Previous studies have not concluded the comparison between LUCAS chest compressive efficiency and manual chest compressive efficiency. Some studies have shown that mechanical chest compressions are effective (12-15). It can improve the prognosis of patients and ROSC rate. Some studies also suggested no difference between LUCAS and manual chest compressive (16). Some studies suggest that manual chest compressions are better (17,18). The mechanical chest compressive device was less capable of providing ROSC than the manual group, and the 30-day survival rate and neurological outcome of the manual group were better than those of the mechanical group. This is probably because: firstly, the first defibrillation in the mechanical group may be 1.5 minutes later than in the manual group, and the installation of the device may interrupt the continuity of the press. Secondly, some patients may be unable to use the device because of their size, in the LINK trial (5,7), we know that only 5% of patients are expected to be eligible for LUCAS. Finally, it may be related to the occurrence of device-related adverse events, such as tension pneumothorax and visceral damage caused by the application of mechanical equipment. Khan et al. found that the relative risk of tension pneumothorax induced by compression in the manual group was 44% lower than that in the LUCAS group [OR =0.56, 95% CI: (0.08, 3.38)]. The probability analysis also showed that the manual group was the most secure (SUCAR, 71%) (5,7). Compared with AutoPulse, both the manual group [OR =0.15, 95% CI: (0.01, 0.73)] and the LUCAS group [OR =0.07, 95% CI: (0.00, 0.43)] reduced the risk of hematoma formation (5,7). However, this does not mean that all complications were low in the manual group. In terms of hemothorax and hematomas, probability analysis showed that compared with LUCAS, AutoPulse and manual group, LUCAS had the highest safety, hemothorax (SUCAR, 88%), and hematothorax (SUCAR, 94%). AutoPulse performed best in terms of visceral damage (SUCAR, 56%). Therefore, this article focuses on the systematic review of previous studies, and discusses the advantages and disadvantages of LUCAS group and manual group for patients with OHCA from four aspects.

Finally, four groups of RCTs were included in this paper, with a total of 7,279 subjects. The efficiency of the two groups was analyzed and compared from four aspects: ROSC, survival to hospital admission, survival to hospital discharge, and survival to hospital admission. The results showed that there was no difference in the four aspects.

Study limitations

The reasons for the large heterogeneity of the results of this study may be as follows: Firstly, the Review Manager 5.3 bias analysis tool was used to score each literature in this study. Due to the need of rescuing patients, the double-blind design could not be carried out, so the blind method score of each study was relatively low. Secondly, there are differences in equipment type, equipment use time, artificial CPR quality, prognosis and nursing quality, which can lead to significant differences. Thirdly, significant clinical heterogeneity exists between the study samples, and our analysis results may be questioned. Fourthly, there is insufficient research on the recovery of neurological function in prognosis, but it is generally considered as an important result by clinicians and patients. Finally, the study included two large multicenter studies and two relatively small sample trials. This leads to potential bias against the main findings.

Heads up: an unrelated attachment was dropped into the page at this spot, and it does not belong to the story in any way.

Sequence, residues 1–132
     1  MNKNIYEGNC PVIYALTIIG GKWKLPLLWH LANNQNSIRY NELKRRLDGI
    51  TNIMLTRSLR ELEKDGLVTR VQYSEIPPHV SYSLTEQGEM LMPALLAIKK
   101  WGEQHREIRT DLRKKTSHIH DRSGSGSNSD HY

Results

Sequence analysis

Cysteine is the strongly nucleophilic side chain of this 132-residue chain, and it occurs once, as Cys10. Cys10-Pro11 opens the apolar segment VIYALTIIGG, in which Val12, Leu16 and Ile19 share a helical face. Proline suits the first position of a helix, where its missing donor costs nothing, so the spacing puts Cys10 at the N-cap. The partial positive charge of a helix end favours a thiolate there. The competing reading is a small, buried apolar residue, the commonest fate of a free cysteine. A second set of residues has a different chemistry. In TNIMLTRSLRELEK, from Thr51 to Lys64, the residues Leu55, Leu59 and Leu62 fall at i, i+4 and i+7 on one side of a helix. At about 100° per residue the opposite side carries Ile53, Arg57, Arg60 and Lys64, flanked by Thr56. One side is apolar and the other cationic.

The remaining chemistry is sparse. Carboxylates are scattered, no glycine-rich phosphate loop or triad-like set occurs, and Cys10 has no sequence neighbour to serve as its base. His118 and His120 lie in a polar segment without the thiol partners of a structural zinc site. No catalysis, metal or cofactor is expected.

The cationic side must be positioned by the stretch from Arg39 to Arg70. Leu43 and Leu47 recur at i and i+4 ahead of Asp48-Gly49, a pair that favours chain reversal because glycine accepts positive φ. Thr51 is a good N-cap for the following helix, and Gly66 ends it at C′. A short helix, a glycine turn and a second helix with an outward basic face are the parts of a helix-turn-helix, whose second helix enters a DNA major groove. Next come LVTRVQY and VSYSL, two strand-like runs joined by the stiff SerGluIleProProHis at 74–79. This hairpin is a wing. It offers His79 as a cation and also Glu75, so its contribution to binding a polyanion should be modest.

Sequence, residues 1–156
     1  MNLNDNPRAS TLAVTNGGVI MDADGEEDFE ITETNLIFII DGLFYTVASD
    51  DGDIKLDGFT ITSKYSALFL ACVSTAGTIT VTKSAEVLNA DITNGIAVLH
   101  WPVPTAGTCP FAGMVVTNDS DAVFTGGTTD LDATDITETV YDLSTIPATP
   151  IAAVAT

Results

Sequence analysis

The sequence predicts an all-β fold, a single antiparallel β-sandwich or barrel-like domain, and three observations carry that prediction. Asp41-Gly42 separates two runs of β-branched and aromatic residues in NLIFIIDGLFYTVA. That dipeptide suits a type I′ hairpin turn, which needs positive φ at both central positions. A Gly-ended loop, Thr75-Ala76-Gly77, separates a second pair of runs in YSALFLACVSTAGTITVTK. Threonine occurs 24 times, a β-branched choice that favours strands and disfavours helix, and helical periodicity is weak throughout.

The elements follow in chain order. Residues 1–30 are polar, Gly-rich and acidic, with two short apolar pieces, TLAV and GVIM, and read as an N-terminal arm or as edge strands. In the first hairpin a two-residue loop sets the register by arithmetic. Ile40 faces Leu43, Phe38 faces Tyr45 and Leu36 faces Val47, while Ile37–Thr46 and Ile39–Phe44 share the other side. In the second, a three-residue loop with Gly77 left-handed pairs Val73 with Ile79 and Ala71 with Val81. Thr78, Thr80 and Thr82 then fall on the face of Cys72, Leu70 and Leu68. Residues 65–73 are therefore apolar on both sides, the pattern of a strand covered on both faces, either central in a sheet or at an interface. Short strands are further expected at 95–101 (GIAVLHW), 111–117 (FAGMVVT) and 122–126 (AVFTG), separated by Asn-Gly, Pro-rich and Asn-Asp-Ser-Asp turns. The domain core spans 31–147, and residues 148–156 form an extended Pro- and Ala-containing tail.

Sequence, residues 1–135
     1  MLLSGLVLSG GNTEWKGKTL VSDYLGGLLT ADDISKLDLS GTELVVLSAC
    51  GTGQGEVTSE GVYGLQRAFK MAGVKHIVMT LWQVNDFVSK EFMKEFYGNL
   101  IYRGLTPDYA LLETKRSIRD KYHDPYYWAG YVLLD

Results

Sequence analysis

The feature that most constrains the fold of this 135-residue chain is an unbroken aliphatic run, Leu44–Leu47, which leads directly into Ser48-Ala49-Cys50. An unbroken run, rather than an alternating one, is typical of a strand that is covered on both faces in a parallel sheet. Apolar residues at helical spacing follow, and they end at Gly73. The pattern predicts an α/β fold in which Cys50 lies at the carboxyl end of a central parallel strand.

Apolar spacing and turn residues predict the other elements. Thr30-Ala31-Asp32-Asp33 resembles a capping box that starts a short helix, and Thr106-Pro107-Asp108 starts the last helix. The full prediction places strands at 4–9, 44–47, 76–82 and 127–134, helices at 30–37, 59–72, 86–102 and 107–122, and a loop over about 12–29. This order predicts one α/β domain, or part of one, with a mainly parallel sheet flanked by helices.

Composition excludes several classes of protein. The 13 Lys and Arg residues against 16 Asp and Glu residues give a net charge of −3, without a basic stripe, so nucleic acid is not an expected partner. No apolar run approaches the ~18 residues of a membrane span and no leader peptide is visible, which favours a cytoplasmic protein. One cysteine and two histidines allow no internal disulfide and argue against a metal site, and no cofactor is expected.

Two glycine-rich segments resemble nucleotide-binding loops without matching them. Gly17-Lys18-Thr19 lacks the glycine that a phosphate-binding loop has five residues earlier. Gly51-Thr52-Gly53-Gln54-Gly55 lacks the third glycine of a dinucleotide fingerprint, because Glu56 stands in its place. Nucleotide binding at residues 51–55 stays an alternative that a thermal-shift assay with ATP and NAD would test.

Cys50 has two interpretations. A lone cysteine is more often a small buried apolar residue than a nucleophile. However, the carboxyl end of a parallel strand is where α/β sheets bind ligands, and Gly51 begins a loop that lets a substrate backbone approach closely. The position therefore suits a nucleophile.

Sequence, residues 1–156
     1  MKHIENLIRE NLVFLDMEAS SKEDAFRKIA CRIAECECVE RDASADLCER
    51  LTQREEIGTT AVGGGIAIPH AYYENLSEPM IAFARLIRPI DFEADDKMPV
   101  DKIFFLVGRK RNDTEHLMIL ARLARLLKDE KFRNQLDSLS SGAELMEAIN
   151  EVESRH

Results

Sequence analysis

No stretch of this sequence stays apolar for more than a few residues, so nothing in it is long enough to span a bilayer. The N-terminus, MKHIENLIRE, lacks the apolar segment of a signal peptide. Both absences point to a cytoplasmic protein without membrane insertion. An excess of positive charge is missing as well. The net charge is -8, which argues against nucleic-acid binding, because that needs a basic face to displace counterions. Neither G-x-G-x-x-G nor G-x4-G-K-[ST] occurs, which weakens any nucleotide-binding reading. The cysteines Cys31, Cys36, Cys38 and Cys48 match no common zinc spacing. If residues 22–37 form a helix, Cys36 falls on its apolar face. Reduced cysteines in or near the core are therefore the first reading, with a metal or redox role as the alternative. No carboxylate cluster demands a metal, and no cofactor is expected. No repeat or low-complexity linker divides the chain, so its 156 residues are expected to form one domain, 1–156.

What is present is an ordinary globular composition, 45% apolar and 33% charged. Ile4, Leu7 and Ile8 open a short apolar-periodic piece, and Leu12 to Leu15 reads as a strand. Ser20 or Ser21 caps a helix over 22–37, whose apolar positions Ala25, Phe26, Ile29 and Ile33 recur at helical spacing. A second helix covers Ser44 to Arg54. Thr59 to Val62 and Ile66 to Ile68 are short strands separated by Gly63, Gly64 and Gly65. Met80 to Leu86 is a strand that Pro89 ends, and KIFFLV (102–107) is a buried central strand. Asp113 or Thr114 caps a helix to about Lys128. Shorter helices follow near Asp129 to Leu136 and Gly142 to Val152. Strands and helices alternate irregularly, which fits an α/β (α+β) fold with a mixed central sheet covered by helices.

Conclusions

the meta-analysis showed there is no difference in the efficacy of the LUCAS device in OHCA compared to the manual group. These may be due to: firstly, the mechanical device wasted the best time in the process of installation and could not be used for CPR immediately as the manual group. Secondly, the mechanical device is not suitable for specific patients. Finally, the mechanical device may more easily lead to the formation of pneumothorax or hematoma. Mechanical chest compressions cannot replace manual chest compressions, but they can be used as adjuvant therapeutic devices to liberate medical staff and avoid fatigue. It is able to continue chest compressions at a consistent rate and depth, allowing medical personnel the freedom to perform other critical tasks. The efficacy of the LUCAS device in OHCA requires a large number of high-quality studies, especially well-documented randomized trials.


Acknowledgments

Funding: The study was funded by Scientific Research Development Program of North Sichuan Medical College (CBY16-A-ZD10) and Nanchong Government-University Strategic Cooperation Project in Science and Technology (18SXHZ0505).


Footnote

Conflicts of Interest: The authors have no conflicts of interest to declare.

Ethical Statement: The authors are accountable for all aspects of the work in ensuring that questions related to the accuracy or integrity of any part of the work are appropriately investigated and resolved.


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doi: 10.21037/jxym.2020.02.02
Cite this article as: Liu M, Tang K, Ai J, Shuai Z, Zheng J, Gou J, Lv Z. Efficiency of mechanical chest compressions with the LUCAS device in out-of-hospital cardiac arrest patients: a meta-analysis. J Xiangya Med 2020;5:3.